The Academy makes soft­ware engineering bet­ter & more pro­ductive

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How does our team of around 150 software engineers keep up to date? And how does CSS position itself as an attractive employer among highly sought-after talent? Two questions addressed by the Software Engineering Academy.

Training boosts motivation and happiness

Better software quality, more productivity and increased satisfaction among employees – the results of the Software Engineering Academy, founded at the start of 2020, are worthy of attention. It was department head Pascal Erni who launched the in-house training initiative. And he brought Peter Koch, a passionate software engineer, on board to head up the Academy. The two initiators can draw on their experience, as well as studies and models. Ikigai, for example, is a Japanese concept which states that happiness in life is to be found at the intersection where passion, profession, vocation and mission merge.

Improving your own skills and putting them to use in an activity that you are paid for and enjoy doing increases your ikigai, or happiness in life. Conversely, if you don't have the knowledge you need to tackle a task, your motivation and performance — and ultimately also your ikigai – will suffer. Pascal Erni draws the following conclusion for his department: «If you continue to develop professionally, you'll not only be a better software engineer, you'll also be more motivated.»

Long-lasting practices, not ever-changing techno­logies

Software engineering is a particularly challenging and wide-ranging field of expertise. It's not only the technologies that are constantly evolving – the way of working is changing all the time too. So, what skills is it worth investing in long term? «At the moment, the Academy is focusing on long-lasting software engineering practices rather than on rapidly changing technologies,» Peter Koch explains before adding: «We have a catalogue of topics we wish to address. It hasn't really changed since we kicked off at the start of 2020 and has served us well.»

Online courses gaining ground

The Academy uses a variety of forms of continuing education, including traditional «off-the-peg» classroom-based training. Owing to the pandemic, these courses were held online, which proved to be very popular. «Thanks to video conferencing and digital whiteboards, people get completely absorbed in what they're doing. While the participants are working together, they forget that they are not in the same room,» explains Peter Koch, Head of the Academy. This not only saves the previously necessary travel and overnight expenses. Instead of whole-day training sessions held locally, today's courses frequently take place online, in a number of shorter sessions, over several days. The trainer could be in England, Germany, Israel, Romania or anywhere else in the world.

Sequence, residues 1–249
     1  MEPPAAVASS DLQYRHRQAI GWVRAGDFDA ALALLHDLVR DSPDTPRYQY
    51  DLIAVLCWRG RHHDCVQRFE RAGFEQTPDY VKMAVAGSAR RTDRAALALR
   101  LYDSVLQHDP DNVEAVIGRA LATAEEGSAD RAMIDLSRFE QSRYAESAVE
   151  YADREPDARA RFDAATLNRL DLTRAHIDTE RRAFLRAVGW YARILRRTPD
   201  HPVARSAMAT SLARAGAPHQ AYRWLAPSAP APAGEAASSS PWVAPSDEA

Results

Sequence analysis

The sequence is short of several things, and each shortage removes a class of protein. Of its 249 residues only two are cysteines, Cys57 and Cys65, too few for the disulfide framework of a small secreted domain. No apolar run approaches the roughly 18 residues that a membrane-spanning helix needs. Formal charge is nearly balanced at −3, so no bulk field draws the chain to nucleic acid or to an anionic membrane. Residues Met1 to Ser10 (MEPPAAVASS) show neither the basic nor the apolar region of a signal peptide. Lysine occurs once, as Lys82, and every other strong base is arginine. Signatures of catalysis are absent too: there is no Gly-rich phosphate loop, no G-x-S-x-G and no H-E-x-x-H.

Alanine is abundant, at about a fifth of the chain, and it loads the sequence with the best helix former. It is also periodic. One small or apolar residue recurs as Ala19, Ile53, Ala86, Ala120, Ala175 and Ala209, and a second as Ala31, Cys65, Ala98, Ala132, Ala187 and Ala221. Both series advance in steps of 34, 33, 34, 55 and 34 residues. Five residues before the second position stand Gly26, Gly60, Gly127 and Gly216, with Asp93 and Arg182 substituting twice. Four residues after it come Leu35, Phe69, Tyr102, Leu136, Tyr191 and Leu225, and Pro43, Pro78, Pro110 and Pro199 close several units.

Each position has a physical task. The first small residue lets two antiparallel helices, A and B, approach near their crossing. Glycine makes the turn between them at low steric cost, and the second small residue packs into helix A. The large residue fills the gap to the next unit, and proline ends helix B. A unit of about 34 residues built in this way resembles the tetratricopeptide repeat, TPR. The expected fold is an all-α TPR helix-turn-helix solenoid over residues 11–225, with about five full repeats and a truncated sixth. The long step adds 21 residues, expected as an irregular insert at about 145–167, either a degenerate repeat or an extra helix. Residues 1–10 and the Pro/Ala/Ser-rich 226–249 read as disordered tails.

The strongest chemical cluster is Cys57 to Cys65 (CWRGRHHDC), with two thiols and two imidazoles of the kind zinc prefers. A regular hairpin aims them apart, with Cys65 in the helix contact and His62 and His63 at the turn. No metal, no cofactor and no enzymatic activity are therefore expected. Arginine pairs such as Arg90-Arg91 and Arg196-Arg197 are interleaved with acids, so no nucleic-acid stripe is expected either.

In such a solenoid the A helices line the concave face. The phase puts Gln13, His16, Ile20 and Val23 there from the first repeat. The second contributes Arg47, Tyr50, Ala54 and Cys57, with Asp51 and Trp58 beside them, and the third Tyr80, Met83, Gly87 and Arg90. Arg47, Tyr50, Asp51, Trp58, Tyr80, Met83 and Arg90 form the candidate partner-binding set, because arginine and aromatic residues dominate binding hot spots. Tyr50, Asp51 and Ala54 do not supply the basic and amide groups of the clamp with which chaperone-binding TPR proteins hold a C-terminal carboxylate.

If you continue to develop professionally, you'll not only be a better software engineer, you'll also be more motivated.
Pascal Erni, head of the Software Engineering department

CPD as a selling proposition

And the employees taking part in the Software Engineering Academy are just as keen to talk about their experiences. «Learning has become a fixed part of my working week. I can deliberately work on my continuing professional development and think about something other than the daily routine,» says software engineer Edy Wermelinger, who is currently taking part in a comprehensive coaching programme. Pascal Erni notes with satisfaction that the opportunity to learn during working hours creates a strong bond within the department, as well as externally. «CPD is a strong selling proposition for us as an employer. It scores us recruitment points because we can show how our people keep up to date and what development opportunities we offer them.»

3 questions for Paddy Frank, Head of ICT & Operational Excellence

Why is lifelong learning especially important in IT?

The IT business is developing at a fast pace. New technologies are being created and devices are becoming more powerful. Many technology life cycles are getting shorter. We have to keep on top of all that.

Patrick Frank
Paddy Frank, Head of ICT & Operational Excellence

Given these developments, is there still room for older generations in IT?

The wealth of experience and maturity of older employees hugely enhance the quality of our teams. Of course, trainees and graduates are still in full-on learning mode after finishing their studies. But learning is a question of attitude, not of age. If you work in IT, you have to be prepared and willing to stay on the ball.

What is CSS doing to counter the IT skills shortage?

We're currently training 18 apprentices, who we'd like to keep on afterwards. We develop our software engineers through the opportunities provided by the Software Engineering Academy. In that way, we also position ourselves as an attractive employer in the «battle for talent».